The court system consists of a Supreme Court, Constitutional Court, local and appeals courts, and administrative and higher administrative courts. Judges appointed by the Judicial Council are appointed without a time limit. The Judicial Council also evaluates, promotes, disciplines, and removes judges. The Supreme Court is the highest court in the country and is responsible for the equal administration of laws by all courts. The Constitutional Court is responsible for the protection of constitutional and legal rights and for resolving conflicts of power among the three branches of government. Its nine judges are appointed by parliament with a mandate of 9 years, without the possibility of re-election. The Public Prosecutor is appointed by parliament with a 6-year mandate.

International Environmental Agreements

Macedonia is party to international agreements on: Air Pollution, Biodiversity, Climate Change, Climate Change-Kyoto Protocol, Desertification, Endangered Species, Hazardous Wastes, Law of the Sea, Ozone Layer Protection, and Wetlands.


Total Renewable Water Resources:  6.4 cu km (2001)

Freshwater Withdrawal: 2.27cu km/yr

Per Capita Freshwater Withdrawal: 1,118 cu m/yr (2000)


Agricultural products: grapes, tobacco, vegetables, fruits; milk, eggs

Irrigated Land: 1,280 sq km (2008)


Natural Resources: low-grade iron ore, copper, lead, zinc, chromite, manganese, nickel, tungsten, gold, silver, asbestos, gypsum, timber, arable land

Land Use:

arable land: 22.01%
permanent crops: 1.79%
other: 76.2% (2005)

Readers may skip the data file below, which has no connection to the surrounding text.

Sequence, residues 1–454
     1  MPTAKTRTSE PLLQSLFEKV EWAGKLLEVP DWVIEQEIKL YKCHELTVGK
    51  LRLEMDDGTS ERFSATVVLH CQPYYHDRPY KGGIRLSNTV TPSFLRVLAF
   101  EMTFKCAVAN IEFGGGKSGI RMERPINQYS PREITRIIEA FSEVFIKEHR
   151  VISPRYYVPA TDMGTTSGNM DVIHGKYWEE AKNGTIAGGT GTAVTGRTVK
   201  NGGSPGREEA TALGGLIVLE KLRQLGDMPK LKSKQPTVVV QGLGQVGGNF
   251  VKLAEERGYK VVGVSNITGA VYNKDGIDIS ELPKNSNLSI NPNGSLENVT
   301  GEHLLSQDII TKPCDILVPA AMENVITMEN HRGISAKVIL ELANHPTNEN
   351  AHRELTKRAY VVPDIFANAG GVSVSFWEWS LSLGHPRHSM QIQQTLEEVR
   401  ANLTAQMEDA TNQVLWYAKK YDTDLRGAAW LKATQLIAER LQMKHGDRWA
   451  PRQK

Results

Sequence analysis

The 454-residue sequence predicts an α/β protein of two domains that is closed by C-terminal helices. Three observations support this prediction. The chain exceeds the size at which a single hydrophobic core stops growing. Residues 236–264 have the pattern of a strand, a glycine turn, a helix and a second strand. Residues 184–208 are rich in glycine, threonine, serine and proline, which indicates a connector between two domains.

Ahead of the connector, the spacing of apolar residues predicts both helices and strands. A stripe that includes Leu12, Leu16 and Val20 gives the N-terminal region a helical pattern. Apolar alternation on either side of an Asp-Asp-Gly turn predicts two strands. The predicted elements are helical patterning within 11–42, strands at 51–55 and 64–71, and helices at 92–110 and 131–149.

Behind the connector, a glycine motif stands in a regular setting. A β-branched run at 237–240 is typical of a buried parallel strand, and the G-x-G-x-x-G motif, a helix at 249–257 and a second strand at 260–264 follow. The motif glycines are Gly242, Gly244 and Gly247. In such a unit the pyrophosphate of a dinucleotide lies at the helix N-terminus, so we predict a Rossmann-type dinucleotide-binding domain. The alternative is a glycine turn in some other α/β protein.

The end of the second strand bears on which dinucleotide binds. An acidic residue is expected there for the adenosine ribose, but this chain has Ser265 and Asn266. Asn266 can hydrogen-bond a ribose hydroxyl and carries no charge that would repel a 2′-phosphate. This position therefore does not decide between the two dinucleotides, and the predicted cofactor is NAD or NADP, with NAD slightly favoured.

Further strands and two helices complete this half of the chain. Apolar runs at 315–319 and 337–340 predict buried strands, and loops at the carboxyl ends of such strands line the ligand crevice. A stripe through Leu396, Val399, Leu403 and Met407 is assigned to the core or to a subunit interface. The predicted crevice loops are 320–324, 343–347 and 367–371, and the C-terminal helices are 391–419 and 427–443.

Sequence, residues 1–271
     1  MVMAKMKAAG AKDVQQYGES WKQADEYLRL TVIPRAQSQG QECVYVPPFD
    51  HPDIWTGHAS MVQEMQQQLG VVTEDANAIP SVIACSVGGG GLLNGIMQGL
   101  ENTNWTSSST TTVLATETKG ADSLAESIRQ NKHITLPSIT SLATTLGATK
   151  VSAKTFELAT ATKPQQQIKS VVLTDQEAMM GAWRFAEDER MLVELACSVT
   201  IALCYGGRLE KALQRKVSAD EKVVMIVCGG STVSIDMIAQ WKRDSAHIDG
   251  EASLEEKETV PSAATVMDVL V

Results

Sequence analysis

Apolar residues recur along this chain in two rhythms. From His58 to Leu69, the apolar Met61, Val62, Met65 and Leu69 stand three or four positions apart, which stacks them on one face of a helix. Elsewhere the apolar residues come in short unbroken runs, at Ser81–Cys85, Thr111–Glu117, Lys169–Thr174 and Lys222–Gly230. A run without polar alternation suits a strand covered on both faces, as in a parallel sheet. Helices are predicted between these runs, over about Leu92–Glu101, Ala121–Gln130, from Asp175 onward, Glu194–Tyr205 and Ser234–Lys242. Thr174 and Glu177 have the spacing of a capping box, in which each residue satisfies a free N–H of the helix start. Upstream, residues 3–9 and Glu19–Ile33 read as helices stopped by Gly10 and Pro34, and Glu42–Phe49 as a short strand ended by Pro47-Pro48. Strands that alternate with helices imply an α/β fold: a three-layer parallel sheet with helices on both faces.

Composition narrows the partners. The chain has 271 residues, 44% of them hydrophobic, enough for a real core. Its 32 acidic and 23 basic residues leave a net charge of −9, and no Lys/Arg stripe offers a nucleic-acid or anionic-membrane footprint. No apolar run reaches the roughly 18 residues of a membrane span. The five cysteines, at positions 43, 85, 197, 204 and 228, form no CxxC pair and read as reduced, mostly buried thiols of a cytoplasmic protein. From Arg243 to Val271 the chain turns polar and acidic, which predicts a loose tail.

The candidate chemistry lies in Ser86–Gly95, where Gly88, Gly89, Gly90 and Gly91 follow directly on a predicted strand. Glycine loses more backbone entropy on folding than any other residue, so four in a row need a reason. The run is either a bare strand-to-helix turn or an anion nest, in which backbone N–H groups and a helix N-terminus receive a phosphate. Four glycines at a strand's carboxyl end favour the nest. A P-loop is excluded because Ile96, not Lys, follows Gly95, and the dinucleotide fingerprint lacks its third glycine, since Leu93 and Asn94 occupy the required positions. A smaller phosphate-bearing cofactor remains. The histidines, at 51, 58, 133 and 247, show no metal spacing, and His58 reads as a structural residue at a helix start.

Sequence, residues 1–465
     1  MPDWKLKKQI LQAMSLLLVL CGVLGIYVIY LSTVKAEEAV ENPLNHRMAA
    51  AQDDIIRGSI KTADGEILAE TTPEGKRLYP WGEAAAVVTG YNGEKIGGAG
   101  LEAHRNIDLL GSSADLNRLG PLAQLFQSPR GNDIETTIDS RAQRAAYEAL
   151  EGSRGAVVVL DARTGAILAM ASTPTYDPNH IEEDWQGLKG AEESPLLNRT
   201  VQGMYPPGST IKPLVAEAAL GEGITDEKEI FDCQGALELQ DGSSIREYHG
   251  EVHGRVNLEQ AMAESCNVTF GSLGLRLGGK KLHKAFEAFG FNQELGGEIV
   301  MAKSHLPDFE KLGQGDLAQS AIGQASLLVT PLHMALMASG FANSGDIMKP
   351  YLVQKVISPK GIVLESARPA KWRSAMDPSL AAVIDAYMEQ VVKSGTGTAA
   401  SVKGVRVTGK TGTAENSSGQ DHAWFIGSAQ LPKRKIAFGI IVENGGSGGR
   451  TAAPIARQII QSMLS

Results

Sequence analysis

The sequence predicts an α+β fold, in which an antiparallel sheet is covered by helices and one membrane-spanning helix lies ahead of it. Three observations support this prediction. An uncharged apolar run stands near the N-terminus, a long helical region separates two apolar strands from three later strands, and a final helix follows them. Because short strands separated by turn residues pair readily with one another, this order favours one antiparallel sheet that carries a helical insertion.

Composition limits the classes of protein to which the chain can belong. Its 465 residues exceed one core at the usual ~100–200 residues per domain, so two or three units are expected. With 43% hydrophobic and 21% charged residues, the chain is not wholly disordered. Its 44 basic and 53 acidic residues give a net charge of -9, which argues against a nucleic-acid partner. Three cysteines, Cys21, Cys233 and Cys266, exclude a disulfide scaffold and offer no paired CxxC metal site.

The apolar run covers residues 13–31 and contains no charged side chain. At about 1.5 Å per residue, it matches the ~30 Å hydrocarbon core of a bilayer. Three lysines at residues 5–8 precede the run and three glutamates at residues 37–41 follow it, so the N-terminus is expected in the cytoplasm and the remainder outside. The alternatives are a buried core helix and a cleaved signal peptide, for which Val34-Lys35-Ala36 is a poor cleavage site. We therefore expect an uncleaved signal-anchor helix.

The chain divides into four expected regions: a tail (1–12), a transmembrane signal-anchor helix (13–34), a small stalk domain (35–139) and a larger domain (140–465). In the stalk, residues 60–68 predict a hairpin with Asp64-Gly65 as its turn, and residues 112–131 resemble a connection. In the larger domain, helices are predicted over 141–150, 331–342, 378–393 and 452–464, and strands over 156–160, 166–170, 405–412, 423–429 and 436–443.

Macedonia is a small economy with a gross domestic product (GDP) of about $9.8 billion (2011 est.), representing about 0.01% of the total world output. It is an open economy, highly integrated into international trade, with a total trade-to-GDP ratio of 95.9% at the end of 2010. The services sector is becoming increasingly important, accounting for more than 45% of GDP creation. The industrial sector, which was dominant in the early transition years, is now secondary, although it remains the leading exporting sector. Agriculture is gradually losing significance in terms of GDP creation. Although macroeconomic fundamentals are stable, economic problems and risks remain, mainly associated with the country's endeavors to complete structural reforms necessary to finish the transition to a market-oriented economy. Modernization of the largely obsolete infrastructure is happening slowly, and foreign investment has not kept pace with neighboring economies. Labor force education and skills are competitive in some technical areas and industries but significantly lacking in others. Without adequate job opportunities, many with the best skills seek employment abroad. A relatively low standard of living, a high unemployment rate, and modest economic growth rate are the central economic problems. Official unemployment remains high at 31.7%, but may be overstated based on the existence of an extensive gray market, estimated to be more than 20% of GDP, that is not captured by official statistics.